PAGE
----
Once you've established good payment history with a credit card company, you may be looking to expand your credit limit beyond the initial offering. Whether your limit is $500 or $50,000, sometimes you need a little more cash to complete home projects or buy holiday gifts. Because of the recession, lenders have been stingier with credit. But maintaining a solid history should enable you to negotiate reasonable increases in your credit limit. Most banks require at least six months of spotless credit history to consider an increase; others may call for one year of on-time payments.
Do I need more credit? Sometimes, it is a good idea to ask for a higher credit limit. If you need to make a large purchase like car repair or a home improvement project, the interest rate on your credit card is likely lower than a credit card from the local home improvement store. If you're seeking a higher credit limit to buy holiday gifts, determine whether you can pay off the balance before the interest payments begin to outweigh the benefits.
How do I prepare to ask for a credit limit increase? It's best to have your ducks in a row before asking your credit card company to raise your limit. Check your credit report and make sure there are no erroneous entries that could cause the bank to turn you down. Review your payment history to ensure you've been paying on time, and consider paying down your balance. Lenders grant more credit to those with higher credit scores, so make sure your financial house is in order before you go to the bank with your hand out.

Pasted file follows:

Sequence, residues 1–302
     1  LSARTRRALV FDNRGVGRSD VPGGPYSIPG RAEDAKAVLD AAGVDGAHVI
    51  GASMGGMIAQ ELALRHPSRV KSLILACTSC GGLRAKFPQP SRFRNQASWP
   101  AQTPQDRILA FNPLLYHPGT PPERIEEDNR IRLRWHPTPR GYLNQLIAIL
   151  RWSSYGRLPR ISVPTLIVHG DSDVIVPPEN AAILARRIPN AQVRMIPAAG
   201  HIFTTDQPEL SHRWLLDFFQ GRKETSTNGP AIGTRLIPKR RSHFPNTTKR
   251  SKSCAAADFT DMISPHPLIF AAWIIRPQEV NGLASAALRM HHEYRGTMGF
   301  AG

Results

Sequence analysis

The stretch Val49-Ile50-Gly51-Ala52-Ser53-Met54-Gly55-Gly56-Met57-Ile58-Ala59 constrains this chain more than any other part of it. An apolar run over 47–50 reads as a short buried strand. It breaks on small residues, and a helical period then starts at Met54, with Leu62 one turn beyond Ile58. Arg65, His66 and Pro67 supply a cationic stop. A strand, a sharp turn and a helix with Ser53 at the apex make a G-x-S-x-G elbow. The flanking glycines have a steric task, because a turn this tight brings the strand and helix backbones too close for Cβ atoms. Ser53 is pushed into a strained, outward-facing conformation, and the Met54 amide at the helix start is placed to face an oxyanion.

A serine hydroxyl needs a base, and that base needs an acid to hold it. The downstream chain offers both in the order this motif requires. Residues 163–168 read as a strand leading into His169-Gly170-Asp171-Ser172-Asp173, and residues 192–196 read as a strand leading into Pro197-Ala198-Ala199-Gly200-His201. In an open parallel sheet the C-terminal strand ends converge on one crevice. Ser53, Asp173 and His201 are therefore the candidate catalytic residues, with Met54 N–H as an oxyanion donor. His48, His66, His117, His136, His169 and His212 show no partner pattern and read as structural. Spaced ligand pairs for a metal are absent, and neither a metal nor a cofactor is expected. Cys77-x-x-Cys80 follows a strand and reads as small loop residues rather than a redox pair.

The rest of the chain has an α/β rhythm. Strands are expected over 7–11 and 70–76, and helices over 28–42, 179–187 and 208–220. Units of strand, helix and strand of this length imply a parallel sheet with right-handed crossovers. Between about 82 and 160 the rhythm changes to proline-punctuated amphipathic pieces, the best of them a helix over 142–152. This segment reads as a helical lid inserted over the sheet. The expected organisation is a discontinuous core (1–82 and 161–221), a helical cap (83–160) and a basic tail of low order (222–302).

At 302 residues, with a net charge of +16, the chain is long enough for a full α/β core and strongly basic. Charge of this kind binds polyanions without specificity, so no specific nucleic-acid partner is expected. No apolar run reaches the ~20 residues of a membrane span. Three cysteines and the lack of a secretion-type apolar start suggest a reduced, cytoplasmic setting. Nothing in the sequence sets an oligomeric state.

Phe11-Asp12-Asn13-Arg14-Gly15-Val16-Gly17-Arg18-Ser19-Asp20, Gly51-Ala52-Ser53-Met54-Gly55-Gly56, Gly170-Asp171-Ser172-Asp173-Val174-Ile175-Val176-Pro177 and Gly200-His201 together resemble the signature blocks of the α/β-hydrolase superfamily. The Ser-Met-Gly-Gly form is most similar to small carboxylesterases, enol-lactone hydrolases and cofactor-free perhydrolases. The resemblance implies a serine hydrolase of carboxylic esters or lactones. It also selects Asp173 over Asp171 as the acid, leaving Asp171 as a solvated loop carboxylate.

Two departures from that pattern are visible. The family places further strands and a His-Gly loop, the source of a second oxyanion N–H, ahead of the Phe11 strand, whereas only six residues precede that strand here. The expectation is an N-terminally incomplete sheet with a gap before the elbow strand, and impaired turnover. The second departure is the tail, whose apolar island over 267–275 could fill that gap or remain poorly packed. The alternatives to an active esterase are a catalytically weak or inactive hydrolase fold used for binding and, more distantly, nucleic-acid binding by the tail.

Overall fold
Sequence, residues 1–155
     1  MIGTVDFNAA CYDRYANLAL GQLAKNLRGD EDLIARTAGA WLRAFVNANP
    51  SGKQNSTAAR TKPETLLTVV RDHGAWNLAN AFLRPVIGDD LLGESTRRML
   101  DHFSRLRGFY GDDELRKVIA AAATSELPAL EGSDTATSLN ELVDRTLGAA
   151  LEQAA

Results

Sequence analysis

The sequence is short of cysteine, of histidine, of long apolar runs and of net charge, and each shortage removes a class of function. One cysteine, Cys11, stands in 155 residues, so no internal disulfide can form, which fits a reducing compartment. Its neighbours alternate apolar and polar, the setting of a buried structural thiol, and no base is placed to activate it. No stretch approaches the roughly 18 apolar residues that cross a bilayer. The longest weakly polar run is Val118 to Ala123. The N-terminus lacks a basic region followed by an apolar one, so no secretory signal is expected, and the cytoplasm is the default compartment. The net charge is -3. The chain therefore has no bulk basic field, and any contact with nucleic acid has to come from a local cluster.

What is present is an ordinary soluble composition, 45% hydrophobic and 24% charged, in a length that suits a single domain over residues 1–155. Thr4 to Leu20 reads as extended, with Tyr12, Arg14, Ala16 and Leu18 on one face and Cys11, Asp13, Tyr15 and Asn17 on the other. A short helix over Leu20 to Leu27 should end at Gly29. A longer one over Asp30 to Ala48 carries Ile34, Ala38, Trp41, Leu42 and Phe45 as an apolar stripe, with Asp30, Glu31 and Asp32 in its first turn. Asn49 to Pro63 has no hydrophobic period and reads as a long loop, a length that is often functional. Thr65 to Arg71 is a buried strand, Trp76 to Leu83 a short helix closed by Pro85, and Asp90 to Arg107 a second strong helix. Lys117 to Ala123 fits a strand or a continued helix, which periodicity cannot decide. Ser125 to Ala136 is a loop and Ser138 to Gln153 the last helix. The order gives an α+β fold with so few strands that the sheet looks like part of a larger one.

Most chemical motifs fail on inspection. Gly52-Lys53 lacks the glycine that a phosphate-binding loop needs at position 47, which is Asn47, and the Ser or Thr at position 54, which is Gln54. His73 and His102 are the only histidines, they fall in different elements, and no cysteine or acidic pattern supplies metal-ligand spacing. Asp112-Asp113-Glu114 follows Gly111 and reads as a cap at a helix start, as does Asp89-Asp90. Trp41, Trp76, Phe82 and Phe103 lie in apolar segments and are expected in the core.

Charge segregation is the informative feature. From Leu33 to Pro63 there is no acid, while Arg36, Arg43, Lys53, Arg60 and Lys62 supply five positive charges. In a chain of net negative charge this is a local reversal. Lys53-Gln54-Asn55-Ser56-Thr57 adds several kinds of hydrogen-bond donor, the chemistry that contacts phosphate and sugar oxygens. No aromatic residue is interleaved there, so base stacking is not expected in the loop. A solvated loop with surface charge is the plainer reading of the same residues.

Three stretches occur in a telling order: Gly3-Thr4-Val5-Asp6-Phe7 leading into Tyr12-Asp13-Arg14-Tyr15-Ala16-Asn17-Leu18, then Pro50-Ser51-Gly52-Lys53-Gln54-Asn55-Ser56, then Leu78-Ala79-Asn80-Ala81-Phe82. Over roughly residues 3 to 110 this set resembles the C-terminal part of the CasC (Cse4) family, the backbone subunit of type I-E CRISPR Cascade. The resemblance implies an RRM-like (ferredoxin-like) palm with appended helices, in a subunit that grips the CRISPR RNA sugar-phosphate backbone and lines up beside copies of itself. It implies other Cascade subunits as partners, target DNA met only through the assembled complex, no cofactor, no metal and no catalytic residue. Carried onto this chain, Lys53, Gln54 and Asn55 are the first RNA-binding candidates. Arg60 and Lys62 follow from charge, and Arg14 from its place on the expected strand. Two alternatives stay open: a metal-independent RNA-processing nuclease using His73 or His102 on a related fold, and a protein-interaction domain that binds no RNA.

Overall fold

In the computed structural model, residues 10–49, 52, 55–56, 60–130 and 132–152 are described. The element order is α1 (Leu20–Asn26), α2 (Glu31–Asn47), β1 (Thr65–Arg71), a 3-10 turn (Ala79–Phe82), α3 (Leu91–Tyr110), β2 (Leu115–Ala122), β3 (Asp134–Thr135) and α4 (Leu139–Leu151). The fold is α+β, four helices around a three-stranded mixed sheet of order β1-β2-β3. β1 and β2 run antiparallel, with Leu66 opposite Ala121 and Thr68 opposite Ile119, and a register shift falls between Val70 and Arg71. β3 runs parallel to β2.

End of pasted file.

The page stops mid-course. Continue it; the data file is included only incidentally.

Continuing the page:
How do I ask the bank to increase my credit limit? Many times, banks and credit card companies offer credit limit increases after a specific period of time to customers with good credit. If your credit is less than perfect, though, you may need to negotiate with the lender for more leeway. Several banks offer online credit limit increase forms, and others have customer service representatives who handle credit limit increases.
Be sure to keep your request reasonable. An exorbitant figure could flag your account as suspicious. In this case, the worst that can happen is for a lender to deny your request. If you are refused a credit limit increase, spend a few more months paying your bills on time and improving your credit score, and ask again. As you build history as a good customer, lenders will be much more generous than they are with new, unproven customers.